PPR Mock Draft: Early Pick (2019 Fantasy Football)
There is finally some consensus about what to do at the top of 2019 fantasy football drafts. With some running backs catching more passes than wide receivers, the argument regarding which position to target has quieted. Running backs accounted for four of the top-20 reception leaders in 2018, and five made the top 25. However, after the first pick, which direction to take in the following rounds remains up in the air.
To Strategy or Not to Strategy
There is now genuine discourse regarding whether fantasy players should go into drafts with a predetermined strategy at all. Of course, it is easy to list off your first-round targets, but should managers commit to certain positions before the draft even starts? Should manager Owen take four running backs with his first four picks even if he does not like the ones left in the fourth round? Should manager Lisa wait on a QB even if Patrick Mahomes slips to the fourth? A fluid strategy or draft approach is recommended. The best-player-available approach can help you build a winner, even if it means following your rankings and drafting Travis Kelce fifth overall in a non-TE premium league and as high as second overall in a TE premium. Here are how the first seven picks played out in mock drafts from the first four overall draft slots.
Although I try to practice Wu wei (inaction) when it comes to draft strategy, I do lean running back due to positional scarcity. In my first mock, 15 running backs and only six receivers were taken by the time my second-round pick rolled around. As a result, the wide receivers available screamed value, and as much as I wanted to solidify the running back position, I could not turn down a Mike Evans and Keenan Allen combo. Things evened out by my fourth-round pick, with 22 receivers and 19 running backs taken. Even more noteworthy, however, is that the running backs I would have taken at the Rounds 2-3 turn were still available with my next two picks. By the five-six turn, seven tight ends and quarterbacks each were off of the board. The count for running backs and wide receivers was 24 and 32, respectively.
At second overall, I was presented with a conundrum. Ezekiel Elliott was off of the board, and I had to decide between three running backs I have projected pretty evenly. I opted to go with Alvin Kamara due to the departure of value-siphoning Mark Ingram. Latavius Murray will still get touches, but he will likely not be featured as prominently as Ingram. George Kittle was staring me in the face for my second pick, so I quickly selected him. He plays a premium position and should find easier coverages with some weapons now in place around him. He has earned a featured role in San Francisco’s offense and should pay dividends, even as a second-round selection.
With my third pick, I went with Evans. He should be in for a monster year in Bruce Arians’ offense. With only one running back rostered, I took David Montgomery in the fourth round. Then I went with Tyler Lockett since no other backs were worth taking in the fifth. While my sixth-round choice, Corey Davis, should still be treated as Tennessee’s number one by opposing defenses, they are now going to have to also respect A.J. Brown, Adam Humphries, and a healthy Delanie Walker. I wanted a third running back with my seventh pick, and Tevin Coleman was the highest-rated available one on my board.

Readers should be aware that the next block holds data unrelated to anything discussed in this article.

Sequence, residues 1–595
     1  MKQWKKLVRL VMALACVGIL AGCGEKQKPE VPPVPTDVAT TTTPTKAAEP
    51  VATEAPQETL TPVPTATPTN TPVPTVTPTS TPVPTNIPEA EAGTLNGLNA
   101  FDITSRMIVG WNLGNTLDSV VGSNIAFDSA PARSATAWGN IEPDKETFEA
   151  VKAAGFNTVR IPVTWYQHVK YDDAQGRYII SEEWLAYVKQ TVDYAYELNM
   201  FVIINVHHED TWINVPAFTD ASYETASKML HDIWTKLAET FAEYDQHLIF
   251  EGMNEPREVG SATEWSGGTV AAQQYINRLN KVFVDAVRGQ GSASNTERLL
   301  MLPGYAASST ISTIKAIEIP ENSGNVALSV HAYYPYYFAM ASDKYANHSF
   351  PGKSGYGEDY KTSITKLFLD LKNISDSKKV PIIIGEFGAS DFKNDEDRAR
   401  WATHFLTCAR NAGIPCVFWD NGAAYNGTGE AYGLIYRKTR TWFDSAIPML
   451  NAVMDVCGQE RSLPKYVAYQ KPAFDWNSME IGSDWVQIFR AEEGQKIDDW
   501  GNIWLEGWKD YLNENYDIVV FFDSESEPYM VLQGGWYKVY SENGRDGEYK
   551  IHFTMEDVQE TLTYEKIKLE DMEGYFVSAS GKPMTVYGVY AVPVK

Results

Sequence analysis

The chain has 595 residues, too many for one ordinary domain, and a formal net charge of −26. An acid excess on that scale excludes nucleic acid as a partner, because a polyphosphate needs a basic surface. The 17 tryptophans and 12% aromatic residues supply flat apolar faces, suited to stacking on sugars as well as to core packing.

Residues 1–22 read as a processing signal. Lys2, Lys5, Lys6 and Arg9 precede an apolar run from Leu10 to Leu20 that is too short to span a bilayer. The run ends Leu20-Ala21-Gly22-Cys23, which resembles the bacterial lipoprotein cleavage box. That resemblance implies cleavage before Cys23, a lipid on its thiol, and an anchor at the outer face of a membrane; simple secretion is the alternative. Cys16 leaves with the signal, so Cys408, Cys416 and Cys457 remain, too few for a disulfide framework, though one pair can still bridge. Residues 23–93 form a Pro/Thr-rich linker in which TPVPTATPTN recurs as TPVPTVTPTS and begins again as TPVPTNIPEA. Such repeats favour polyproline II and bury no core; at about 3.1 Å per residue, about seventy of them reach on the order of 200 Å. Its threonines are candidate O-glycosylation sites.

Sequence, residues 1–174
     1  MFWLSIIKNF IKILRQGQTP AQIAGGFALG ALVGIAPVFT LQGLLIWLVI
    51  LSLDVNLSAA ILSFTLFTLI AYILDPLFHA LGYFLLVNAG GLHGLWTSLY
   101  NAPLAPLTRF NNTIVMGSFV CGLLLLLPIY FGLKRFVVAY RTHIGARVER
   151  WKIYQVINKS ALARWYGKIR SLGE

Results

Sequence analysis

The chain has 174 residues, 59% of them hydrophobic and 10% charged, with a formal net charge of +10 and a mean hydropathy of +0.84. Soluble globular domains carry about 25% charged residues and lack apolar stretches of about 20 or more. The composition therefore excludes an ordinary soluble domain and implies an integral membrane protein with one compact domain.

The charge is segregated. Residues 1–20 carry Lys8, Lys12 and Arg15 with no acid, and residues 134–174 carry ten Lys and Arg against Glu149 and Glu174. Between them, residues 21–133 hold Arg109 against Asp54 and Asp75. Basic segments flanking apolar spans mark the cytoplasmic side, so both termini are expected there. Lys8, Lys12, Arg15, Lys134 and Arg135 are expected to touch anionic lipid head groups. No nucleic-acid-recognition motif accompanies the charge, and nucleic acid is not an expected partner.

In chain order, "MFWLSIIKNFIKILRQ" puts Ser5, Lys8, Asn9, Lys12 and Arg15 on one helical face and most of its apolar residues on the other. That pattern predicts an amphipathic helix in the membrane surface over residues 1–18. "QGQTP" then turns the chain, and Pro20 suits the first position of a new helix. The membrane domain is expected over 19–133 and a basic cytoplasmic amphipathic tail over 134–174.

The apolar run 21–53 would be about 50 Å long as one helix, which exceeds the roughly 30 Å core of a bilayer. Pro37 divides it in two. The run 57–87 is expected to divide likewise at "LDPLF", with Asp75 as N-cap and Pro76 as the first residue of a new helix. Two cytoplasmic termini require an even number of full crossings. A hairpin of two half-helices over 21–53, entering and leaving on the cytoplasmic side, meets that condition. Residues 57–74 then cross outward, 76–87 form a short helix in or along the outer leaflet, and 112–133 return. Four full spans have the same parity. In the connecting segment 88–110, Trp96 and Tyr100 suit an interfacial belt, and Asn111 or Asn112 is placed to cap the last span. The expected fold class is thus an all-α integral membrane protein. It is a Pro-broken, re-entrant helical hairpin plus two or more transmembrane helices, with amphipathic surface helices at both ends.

At third overall, I had to decide between Christian McCaffrey and Saquon Barkley. Barkley seemed too good to pass up. Both backs face regression concerns, so I went for talent. At the two-three turn, I went with the same Evans-Allen pairing I landed in the first mock. The running backs left at this point were mostly the same as the ones available in the first mock. The strategy here was to hope that one or both of Josh Jacobs and Montgomery remained available at my fourth and fifth picks. With Montgomery off the board, I took Oakland’s rookie. I made the possible error of taking Jacobs over Kerryon Johnson due to where he was ranked on my cheat sheet. Johnson has the higher ADP, making Jacobs a better gamble to stay on the board for my fifth-round pick. I instead used the next selection on Derrius Guice. He may be a bit of a reach based on ADP, but I have him ranked higher than Johnson.
With my sixth pick, I had to decide between running backs and wide receivers. I already had three rushers rostered, so I prioritized netting my third and fourth receivers based on the players left on the board. N’Keal Harry was my highest-ranked player available, but I rationalized that I could take Will Fuller with my sixth pick and scoop Harry a few picks later. I was correct.
The fourth pick seems like a sweet spot of sorts, as you do not have to decide between the top-four running backs. Then in the second round, you have a chance at a player you may not have access to with one of the first three picks. That theory held true in this mock, in which Todd Gurley was available with my second-round pick. With Evans and Allen already off of the board, Stefon Diggs was my highest-ranked receiver left with my third pick. I then opted for the last elite tight end left in O.J. Howard before taking Alshon Jeffery over players I have ranked higher. I deemed a high-floor WR2 more important than upside. With my sixth and seventh picks, I chose Fuller and Harry to round out my wide receiver corps.
As my mock drafts seem to have proven, I have no positional preference outside of the first round. There are targets I am willing to reach for to ensure I don’t miss out, but the best-player-available approach appears to have prevailed. Putting on positional blinders can prevent you from taking advantage of great values. Taking what your draft gives you is a key step to building a contender.